a. Hazard: Unintentional initiation. EMR is electrical energy produced by radios, radars, cell-phones, and other electronic devices. EMR can initiate fuzing and other electronic components, especially if the munition is damaged.

b. Actions: Do not use radio, cell-phone, or other electronic devices near an unknown ordnance item.

4. Static:

a. Hazard: Unintentional initiation. Static can initiate fuzing and other electronic components, especially if the munition is damaged.

b. Actions:

i. Do not wear wool or nylon clothing when working with ordnance.

ii. Discharge static by placing the back of the hand on dirt or grasp a grounded item.

5. Movement:

a. Hazard: Unintentional initiation. Many fuzes, contain free-floating impact or inertia weights, cocked-strikers and other hazards that are extremely sensitive to movement.

b. Actions: Do not move. Positive identification and condition determination must be made prior to considering if a munition can be moved.

6. Jet:

a. Hazard: A shaped charge jet penetrates armor for short distances, but the remaining material from the cone is deformed into a teardrop shaped “slug” capable of traveling for miles past the target. An EFP also forms a slug that constitutes a similar enough hazard that both are covered under “jet.”

b. Actions:

i. Approach at a 45° angle from the rear.

ii. Do not orientate a munition toward populated areas.

iii. Due to the frequent use of piezoelectric (PE) fuzing in these munitions, also adhere to PE, EMR, and Static safeties until a PE fuze is ruled out.

7. Ejection:

a. Hazards:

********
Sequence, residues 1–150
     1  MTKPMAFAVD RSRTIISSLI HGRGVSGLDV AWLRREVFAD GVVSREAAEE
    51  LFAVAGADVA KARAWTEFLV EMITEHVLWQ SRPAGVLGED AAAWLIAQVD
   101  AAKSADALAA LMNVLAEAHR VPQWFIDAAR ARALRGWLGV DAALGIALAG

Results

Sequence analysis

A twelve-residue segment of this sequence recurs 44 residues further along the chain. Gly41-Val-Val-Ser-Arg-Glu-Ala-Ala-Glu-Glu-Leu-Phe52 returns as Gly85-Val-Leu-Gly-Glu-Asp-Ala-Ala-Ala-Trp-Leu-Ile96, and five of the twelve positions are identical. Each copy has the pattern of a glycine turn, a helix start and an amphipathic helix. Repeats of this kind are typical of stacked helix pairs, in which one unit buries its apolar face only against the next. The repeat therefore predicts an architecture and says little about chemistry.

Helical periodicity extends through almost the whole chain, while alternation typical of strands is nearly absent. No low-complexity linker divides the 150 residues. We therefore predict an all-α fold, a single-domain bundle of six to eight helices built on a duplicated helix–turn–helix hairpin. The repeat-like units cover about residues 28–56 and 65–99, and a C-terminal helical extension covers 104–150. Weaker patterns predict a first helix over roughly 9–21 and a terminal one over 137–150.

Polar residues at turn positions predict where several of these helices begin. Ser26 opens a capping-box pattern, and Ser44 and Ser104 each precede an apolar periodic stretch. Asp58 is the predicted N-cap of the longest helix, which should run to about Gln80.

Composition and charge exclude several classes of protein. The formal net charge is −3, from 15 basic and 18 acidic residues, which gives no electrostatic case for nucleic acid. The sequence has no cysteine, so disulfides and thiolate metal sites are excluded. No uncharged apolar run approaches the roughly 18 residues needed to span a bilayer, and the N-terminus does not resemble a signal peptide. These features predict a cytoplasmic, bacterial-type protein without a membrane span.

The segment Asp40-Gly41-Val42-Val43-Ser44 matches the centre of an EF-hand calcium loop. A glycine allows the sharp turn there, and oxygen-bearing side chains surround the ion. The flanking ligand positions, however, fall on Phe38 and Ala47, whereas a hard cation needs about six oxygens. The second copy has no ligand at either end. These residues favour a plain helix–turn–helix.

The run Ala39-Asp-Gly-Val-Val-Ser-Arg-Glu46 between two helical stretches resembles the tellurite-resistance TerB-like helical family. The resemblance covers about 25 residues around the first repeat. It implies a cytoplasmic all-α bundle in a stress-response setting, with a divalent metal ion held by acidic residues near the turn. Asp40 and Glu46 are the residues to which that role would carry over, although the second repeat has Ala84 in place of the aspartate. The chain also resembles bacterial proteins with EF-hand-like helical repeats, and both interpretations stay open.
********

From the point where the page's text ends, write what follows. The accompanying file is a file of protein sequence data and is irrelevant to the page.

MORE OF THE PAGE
i. Components forcibly ejected during deployment, such as explosively ejected submunitions, pyrotechnic candles, fin assemblies, and fuzing probes.

ii. For ordnance with motors, ejection applies to the areas in front of and behind the munition, as well as in front of venturis that may be on the base or side.

b. Actions:

i. Approach at a 45° angle from the rear.

ii. Work outside areas where fins, probes, payloads, and other hazards would deploy.

iii. Do not move in front of or behind a munition containing a motor.

iv. People in potential back-blast or flight path zones should move to a safe area.

8. Chemical:

a. Hazard: Contact contamination or inhalation of chemical weapons, riot control agents, smoke from burning pyrotechnics, heavy metals used in guidance systems, toxic propellants, some screening smoke mixtures, and explosive main charges, such as the chemicals used in fuel air explosive (FAE) munitions.

b. Actions:

i. Establish a 360Åã by 450-meter exclusion area around the munition and a 2,000-meter downwind hazard area.

ii. Wear appropriate personal protective equipment (PPE).

9. Fire: